Legitimizing Spiritual Healing: The Right to Folk Medicine in Contemporary South Korea and Israel

Research output: Contribution to journalArticlepeer-review

Abstract

In Korea and Israel, many people in hypermodern urban areas believe that illness can occur due to supernatural interventions, be it grudging spirits in Korea, or godly punishment for lack of observance in the Jewish tradition. Improvement of health is believed to be possible through venerating supernatural entities who can enhance personal prosperity. In the perspective of musok (Korean shamanism), patients of shinbyŏng (spirit possession sickness) can be healed only when they are initiated as manshin (shamans) and learn to communicate with the supernatural in self-controlled possession rituals. There are 300,000 practitioners of musok listed in their professional organizations, which means millions of clients who view such healing treatments as beneficial. Nevertheless, no such healing is proposed by scientifically trained medical specialists. Similarly, in the case of Jewish spiritual healing practiced through venerating spirits of tsaddikim (righteous men), there is no institutional medical legitimization to these widespread healing treatments.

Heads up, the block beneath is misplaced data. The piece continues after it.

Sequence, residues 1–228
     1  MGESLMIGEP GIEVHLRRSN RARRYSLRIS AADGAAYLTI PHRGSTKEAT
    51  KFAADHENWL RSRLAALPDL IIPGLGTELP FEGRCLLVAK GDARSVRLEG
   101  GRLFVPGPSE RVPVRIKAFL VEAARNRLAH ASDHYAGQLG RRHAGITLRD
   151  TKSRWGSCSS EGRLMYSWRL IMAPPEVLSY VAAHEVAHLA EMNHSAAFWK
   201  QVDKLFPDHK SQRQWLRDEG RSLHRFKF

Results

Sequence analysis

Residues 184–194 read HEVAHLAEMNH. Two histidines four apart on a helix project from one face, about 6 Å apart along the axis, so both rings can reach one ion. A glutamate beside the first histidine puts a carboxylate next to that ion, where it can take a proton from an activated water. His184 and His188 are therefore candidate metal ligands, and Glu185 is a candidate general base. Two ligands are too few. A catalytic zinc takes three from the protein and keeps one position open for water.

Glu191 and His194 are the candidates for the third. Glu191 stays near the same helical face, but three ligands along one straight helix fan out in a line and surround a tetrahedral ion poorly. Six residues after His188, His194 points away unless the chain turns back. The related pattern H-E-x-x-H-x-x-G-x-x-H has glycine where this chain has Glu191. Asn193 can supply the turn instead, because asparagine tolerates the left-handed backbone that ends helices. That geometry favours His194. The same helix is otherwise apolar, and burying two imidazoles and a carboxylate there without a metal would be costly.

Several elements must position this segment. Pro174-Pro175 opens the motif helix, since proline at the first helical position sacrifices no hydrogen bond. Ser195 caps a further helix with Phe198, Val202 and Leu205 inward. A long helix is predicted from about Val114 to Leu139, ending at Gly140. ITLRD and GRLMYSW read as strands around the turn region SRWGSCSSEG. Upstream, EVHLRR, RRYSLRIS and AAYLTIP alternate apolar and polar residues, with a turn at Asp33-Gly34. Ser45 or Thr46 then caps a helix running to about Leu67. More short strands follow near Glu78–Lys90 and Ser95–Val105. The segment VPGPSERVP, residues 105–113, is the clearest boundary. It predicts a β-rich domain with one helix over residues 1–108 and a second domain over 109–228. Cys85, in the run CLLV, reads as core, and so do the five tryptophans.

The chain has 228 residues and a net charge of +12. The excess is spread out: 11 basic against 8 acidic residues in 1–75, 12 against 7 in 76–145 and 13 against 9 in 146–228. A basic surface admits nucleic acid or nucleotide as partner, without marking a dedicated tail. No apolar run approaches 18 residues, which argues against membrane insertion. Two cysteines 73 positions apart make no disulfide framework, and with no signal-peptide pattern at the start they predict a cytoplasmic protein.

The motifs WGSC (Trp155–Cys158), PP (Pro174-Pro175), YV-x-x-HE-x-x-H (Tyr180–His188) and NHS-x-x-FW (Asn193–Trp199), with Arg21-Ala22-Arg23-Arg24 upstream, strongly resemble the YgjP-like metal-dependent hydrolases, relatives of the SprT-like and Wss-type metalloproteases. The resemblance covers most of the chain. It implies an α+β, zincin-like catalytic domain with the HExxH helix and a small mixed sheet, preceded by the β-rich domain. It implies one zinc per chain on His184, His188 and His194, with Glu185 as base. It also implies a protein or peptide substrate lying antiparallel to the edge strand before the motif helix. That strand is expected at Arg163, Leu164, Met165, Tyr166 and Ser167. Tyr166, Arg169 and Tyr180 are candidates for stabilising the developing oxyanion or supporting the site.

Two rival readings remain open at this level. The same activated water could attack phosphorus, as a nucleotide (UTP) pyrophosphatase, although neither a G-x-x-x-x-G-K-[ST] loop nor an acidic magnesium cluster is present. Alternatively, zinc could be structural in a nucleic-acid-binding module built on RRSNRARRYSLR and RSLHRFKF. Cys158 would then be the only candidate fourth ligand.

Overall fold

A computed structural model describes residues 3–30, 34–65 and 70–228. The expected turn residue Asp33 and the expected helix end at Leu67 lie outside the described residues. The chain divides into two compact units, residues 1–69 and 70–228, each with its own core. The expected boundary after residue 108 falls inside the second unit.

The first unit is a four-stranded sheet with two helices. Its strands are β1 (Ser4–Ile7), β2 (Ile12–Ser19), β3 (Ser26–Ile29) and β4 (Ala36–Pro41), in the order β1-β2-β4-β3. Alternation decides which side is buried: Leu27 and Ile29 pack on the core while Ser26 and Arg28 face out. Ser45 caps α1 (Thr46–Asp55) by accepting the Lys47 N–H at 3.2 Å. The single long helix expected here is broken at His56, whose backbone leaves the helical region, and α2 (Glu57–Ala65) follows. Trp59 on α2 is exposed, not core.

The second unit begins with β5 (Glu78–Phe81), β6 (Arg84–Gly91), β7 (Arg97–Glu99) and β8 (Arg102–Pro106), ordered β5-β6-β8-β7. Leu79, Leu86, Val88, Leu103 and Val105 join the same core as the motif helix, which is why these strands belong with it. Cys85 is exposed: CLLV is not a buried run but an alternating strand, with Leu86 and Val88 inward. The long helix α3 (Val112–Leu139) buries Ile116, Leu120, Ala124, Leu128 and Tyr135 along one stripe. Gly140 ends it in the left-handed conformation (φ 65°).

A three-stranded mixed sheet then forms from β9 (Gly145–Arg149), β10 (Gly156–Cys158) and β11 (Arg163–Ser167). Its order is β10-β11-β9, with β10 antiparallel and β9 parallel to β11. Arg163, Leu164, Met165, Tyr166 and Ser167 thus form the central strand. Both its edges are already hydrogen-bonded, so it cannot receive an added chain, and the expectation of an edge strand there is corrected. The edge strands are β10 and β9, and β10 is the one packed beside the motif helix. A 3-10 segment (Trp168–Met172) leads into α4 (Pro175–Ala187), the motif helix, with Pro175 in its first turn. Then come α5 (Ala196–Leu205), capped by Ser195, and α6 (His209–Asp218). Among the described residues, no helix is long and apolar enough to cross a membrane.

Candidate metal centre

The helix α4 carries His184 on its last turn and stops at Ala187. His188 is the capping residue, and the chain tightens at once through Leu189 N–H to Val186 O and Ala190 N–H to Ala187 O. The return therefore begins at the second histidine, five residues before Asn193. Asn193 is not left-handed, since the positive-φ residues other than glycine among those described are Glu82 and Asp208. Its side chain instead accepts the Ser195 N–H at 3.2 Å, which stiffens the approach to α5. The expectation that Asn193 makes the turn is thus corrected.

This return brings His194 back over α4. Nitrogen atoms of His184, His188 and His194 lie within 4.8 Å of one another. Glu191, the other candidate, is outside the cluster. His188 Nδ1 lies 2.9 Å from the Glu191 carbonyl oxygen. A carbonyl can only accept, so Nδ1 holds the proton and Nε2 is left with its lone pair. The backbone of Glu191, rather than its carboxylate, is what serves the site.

Original languageEnglish
Pages (from-to)39-45
Number of pages7
JournalUrbanities
Volume12
StatePublished - Apr 2022

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